3,500 NC prisoners are set to be released early following lawsuit settlement


RALEIGH, N.C. (WNCN) — A settlement has been reached in NC NAACP v. Cooper, a lawsuit challenging the conditions of confinement in North Carolina’s state prisons amid the COVID-19 pandemic.

The settlement will result in the early release of at least 3,500 people in state custody, making it among the largest prison releases in the country achieved via COVID-19 litigation efforts.

“Today’s historic settlement is a step forward after nearly a year of advocating for the human lives of our neighbors who, in too many cases, have been treated as disposable,” said Rev. Dr. T. Anthony Spearman, president of the NC NAACP. “What’s happening in North Carolina prisons is the convergence of two pandemics both fueled by racism and classism – COVID 19 and an unjust criminal legal system. Even as we celebrate this monumental step in our efforts through this lawsuit, we must acknowledge that a disproportionate number of those marginalized, oppressed, and put in harm’s way by being incarcerated during the pandemic are melanin-rich, working poor, or both. NC NAACP continues to call on leadership of this state to join us in our mourning and in our hopes for a better future by ensuring equal justice and safety for all North Carolinians, including our neighbors living confined in our state’s prisons.”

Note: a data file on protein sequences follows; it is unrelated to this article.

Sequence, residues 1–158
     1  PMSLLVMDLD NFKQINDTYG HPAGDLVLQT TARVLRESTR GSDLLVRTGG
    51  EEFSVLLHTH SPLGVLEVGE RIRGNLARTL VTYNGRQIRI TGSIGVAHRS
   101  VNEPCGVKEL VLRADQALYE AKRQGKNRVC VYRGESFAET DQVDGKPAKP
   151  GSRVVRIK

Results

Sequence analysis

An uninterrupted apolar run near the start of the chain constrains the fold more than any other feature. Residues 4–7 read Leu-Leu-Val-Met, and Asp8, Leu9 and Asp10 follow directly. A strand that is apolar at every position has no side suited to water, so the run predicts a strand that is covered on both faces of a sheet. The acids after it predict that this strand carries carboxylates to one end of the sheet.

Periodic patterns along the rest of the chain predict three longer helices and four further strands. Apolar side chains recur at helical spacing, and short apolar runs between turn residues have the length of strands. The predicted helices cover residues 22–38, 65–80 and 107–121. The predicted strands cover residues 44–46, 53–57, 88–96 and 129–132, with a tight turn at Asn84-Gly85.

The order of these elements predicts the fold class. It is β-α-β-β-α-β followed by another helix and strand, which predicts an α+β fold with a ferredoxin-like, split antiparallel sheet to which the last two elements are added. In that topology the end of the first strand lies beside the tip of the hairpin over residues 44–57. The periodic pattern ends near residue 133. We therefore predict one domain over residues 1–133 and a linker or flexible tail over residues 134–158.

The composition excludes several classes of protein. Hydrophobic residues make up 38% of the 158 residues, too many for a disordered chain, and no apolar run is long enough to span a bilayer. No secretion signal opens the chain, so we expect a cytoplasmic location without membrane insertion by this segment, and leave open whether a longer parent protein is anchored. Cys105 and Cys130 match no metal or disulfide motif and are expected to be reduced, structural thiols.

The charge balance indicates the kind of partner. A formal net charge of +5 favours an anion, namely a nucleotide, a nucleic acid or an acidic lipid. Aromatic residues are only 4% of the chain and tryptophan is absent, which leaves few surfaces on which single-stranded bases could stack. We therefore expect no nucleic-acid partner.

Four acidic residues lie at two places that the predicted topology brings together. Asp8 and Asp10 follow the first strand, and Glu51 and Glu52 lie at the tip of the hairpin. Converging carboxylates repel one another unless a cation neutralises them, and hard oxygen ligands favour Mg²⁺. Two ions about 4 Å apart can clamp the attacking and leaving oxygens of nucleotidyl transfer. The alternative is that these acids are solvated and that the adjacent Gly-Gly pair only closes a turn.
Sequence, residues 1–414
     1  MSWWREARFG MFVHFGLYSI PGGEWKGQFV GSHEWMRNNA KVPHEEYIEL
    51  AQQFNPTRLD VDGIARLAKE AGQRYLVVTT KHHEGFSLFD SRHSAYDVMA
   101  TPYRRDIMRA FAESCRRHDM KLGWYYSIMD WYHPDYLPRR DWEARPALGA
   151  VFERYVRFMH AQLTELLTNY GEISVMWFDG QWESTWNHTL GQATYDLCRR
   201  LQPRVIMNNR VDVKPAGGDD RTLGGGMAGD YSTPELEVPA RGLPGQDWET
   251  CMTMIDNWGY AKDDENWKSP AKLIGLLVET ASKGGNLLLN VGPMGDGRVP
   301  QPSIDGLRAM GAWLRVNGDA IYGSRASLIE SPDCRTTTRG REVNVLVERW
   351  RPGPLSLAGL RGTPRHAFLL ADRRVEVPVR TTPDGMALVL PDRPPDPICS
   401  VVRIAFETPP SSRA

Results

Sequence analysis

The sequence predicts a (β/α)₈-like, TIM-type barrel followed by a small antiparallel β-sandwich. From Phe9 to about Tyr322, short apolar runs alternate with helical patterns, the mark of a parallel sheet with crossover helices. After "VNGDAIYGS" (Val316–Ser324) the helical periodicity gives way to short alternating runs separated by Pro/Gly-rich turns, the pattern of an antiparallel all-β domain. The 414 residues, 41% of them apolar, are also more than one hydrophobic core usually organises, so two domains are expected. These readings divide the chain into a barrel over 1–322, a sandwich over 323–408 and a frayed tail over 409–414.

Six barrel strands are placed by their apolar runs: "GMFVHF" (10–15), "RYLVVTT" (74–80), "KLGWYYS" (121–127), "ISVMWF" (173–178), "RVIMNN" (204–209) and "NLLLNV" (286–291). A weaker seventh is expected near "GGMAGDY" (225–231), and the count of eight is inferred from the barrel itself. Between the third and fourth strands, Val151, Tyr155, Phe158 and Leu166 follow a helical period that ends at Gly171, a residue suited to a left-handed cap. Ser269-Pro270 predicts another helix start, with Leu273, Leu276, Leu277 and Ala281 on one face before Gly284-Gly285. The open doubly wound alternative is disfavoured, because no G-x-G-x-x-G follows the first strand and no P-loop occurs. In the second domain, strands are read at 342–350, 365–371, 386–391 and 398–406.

Under the terms of the settlement agreement, the state has 180 days to release 3,500 people currently in its custody.

That window begins once the trial court grants a request to stay the case during that period. The parties jointly filed the stay request earlier today.

“This settlement is a momentous achievement in the fight to protect incarcerated people during this public health emergency, but it does not end our advocacy,” said Leah Kang, staff attorney for the ACLU of North Carolina. “We urge the Governor and the Department of Public Safety to do everything in their power to return as many people to their families and communities as possible during this dangerous pandemic.”

The lawsuit was brought on by civil rights organizations, three individual incarcerated people, and a spouse of an incarcerated person.

On June 16, 2020, the trial court granted a preliminary injunction ordering the state to examine population reduction measures and implement safer testing and transfer practices. 

The 3,500 early releases required under the settlement would be in addition to the approximately 16 percent reduction already achieved since the lawsuit was filed less than a year ago.

The current population of 28,659 constitutes the lowest state prison population level since the enactment of Structured Sentencing in October 1994, a release from the NC NAACP denotes. 

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